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Bar Study Exam Discharged in Bankruptcy Filing
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Chapter 7 bar study loan

Summary: A Pace Law School graduate was allowed to discharge her bar study loan with her Chapter 7 bankruptcy filings despite it being an educational related loan.

A federal judge has opened up a whole new window when it comes to bankruptcy and student loans. Traditional student loans are not included in bankruptcy protections but Judge Carla Craig of the U.S. Bankruptcy Court for the Eastern District of New York ruled that bar study loans are different.


Lesley Campbell, a 2009 Pace graduate, was fighting to eliminate her $11,000 bar study loan from Citibank in her bankruptcy filings. The loan provider argued that the loan was an educational loan so it was not allowed to be discharged due to financial hardship like other loans can be.

Read Bankruptcy Cases Could Increase with Student Loan Debt.

Campbell was represented by William A. Brewer III from Brewer, Attorneys & Counselors pro bono. He stated, “This opinion confirms what we have believed all along – that these types of loans are dischargeable. We believe this is a seismic development. It flips the script for thousands of people who our client believes have fallen victim to predatory loan practices and been told they cannot discharge these loans.”

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Shortly after graduating from law school, Campbell took on the $16,000 loan to study for the bar exam, pay for a Barbri course, and pay for living expenses while she studied. She did not pass the bar exam. She mad payments on the loan until 2012 and then filed for bankruptcy in 2014.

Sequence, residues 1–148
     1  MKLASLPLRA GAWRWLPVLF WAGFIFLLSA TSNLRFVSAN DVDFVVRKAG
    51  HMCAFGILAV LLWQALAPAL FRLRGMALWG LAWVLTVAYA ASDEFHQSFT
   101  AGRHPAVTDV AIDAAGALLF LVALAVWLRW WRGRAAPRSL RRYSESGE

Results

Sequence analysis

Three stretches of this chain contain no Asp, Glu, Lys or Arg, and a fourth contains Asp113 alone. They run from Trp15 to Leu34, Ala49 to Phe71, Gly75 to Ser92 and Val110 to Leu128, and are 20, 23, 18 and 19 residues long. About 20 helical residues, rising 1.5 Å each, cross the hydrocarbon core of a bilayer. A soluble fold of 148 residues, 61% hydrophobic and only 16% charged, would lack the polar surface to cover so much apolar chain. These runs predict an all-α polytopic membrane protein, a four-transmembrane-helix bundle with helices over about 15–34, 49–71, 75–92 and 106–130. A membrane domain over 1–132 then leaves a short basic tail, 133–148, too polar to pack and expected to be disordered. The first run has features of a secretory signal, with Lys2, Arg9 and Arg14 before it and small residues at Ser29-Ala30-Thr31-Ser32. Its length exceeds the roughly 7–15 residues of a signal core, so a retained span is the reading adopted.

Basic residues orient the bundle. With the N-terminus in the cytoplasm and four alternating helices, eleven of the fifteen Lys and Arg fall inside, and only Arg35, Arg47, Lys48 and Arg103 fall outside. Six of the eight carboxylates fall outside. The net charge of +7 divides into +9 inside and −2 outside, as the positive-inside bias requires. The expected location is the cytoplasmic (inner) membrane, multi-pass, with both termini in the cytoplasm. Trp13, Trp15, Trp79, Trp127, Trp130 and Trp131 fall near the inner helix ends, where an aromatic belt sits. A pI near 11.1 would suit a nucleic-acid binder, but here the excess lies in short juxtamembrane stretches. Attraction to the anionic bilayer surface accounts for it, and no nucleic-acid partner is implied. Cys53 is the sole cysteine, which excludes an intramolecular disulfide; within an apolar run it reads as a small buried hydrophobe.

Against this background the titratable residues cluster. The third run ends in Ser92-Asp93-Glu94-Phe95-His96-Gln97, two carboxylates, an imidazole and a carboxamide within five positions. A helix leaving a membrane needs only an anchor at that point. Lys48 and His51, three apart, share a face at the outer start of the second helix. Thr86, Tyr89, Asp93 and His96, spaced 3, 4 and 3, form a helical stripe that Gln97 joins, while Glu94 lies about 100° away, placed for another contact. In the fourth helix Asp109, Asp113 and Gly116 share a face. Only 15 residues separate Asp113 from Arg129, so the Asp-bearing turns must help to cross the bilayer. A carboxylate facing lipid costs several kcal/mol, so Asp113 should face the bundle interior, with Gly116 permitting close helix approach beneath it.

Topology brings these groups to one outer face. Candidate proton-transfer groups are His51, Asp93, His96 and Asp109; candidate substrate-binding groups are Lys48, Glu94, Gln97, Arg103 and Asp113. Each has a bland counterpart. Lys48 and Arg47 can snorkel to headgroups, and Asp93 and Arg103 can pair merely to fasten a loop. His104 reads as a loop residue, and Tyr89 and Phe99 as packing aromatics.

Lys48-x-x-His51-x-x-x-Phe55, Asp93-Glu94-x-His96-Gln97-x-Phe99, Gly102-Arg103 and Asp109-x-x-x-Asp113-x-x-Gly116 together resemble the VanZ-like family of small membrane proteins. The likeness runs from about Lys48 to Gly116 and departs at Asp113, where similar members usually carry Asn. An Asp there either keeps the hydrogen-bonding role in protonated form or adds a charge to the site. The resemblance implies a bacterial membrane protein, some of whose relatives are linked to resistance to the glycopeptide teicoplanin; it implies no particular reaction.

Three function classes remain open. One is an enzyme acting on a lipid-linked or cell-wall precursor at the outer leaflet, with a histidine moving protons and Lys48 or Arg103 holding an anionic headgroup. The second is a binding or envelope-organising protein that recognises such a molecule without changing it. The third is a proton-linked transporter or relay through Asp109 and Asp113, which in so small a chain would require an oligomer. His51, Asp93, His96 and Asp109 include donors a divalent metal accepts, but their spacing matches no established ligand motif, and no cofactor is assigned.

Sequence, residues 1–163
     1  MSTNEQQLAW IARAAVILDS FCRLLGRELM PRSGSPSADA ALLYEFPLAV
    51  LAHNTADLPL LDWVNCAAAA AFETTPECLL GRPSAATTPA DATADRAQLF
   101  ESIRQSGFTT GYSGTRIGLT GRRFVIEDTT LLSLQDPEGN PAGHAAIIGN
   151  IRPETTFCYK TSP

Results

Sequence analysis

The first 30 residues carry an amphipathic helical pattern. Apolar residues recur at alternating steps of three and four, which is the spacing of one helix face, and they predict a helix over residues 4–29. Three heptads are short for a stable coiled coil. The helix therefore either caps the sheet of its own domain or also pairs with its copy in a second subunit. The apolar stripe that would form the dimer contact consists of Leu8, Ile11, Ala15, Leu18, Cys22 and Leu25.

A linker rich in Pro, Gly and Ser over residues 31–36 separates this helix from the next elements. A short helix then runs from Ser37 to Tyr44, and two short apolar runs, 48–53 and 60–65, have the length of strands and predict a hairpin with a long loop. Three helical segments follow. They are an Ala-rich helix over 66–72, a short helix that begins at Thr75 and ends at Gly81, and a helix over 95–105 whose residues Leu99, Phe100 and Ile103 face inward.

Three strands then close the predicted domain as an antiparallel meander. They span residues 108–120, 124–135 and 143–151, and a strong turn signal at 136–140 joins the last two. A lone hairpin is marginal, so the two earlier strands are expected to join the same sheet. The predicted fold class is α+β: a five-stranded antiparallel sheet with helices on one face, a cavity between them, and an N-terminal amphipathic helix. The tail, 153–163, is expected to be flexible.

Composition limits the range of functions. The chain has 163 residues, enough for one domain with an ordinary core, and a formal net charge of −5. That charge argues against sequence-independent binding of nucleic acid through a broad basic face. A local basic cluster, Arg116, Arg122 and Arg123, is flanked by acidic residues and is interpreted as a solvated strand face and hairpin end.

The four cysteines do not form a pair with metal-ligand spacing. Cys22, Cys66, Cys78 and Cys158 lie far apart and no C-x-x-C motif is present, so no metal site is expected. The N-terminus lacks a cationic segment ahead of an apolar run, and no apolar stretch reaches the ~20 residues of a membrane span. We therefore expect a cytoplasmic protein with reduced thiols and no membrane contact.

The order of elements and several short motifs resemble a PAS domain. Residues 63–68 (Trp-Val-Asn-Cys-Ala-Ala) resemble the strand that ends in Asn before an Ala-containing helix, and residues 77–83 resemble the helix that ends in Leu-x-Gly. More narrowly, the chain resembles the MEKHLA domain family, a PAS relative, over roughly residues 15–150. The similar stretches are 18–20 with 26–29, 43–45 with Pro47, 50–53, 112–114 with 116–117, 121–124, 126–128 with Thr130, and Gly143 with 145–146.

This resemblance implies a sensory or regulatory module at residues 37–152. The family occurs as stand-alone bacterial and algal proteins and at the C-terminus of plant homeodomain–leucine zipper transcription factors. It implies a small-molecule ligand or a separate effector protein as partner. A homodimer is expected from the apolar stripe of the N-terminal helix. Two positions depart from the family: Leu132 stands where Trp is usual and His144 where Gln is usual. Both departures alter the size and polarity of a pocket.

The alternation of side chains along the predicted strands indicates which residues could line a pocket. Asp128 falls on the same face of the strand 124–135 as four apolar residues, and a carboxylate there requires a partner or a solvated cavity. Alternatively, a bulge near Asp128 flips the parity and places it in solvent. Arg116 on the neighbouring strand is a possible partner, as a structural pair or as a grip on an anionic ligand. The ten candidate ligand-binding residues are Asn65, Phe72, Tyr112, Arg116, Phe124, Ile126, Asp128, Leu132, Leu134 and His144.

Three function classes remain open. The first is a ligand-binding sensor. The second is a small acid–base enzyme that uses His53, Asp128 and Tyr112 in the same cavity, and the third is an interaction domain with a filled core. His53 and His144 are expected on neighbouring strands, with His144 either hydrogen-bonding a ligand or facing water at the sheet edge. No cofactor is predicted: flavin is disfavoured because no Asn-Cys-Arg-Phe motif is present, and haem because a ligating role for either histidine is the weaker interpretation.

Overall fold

See Why a Would-Be Lawyer Is Stuck With a $260K Student-Loan Debt to learn more.

Previous courts have generally sided with the loan providers, ruling that bar study loans fall under the category of an “educational benefit.” Craig disagreed with the other courts findings stating that those courts just assumed that the Bankruptcy Code “encompassed any loan which relates in some way to education.” She focused on the part of the code that includes that the discharge of loans applies to federal and federally backed lenders. Craig also dismissed the lenders argument that in order to qualify for a bar study loan, the borrower had to be a law student, stating, “This argument could be advanced by the myriad private lenders who provide funds to borrowers who are taking educational or training courses.”

Citibank, the loan provider, was represented by Casey Howard and Samantha Ingram of Locke Lord.




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